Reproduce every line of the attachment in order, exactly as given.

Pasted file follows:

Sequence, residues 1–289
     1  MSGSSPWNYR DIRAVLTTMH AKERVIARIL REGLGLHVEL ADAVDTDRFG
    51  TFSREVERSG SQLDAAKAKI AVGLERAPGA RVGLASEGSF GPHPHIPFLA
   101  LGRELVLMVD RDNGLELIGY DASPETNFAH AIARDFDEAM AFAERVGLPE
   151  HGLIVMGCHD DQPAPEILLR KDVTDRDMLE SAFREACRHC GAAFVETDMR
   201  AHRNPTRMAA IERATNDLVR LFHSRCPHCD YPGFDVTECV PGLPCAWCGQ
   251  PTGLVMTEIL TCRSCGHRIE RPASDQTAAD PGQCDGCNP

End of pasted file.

Sequence, residues 1–289
     1  MSGSSPWNYR DIRAVLTTMH AKERVIARIL REGLGLHVEL ADAVDTDRFG
    51  TFSREVERSG SQLDAAKAKI AVGLERAPGA RVGLASEGSF GPHPHIPFLA
   101  LGRELVLMVD RDNGLELIGY DASPETNFAH AIARDFDEAM AFAERVGLPE
   151  HGLIVMGCHD DQPAPEILLR KDVTDRDMLE SAFREACRHC GAAFVETDMR
   201  AHRNPTRMAA IERATNDLVR LFHSRCPHCD YPGFDVTECV PGLPCAWCGQ
   251  PTGLVMTEIL TCRSCGHRIE RPASDQTAAD PGQCDGCNP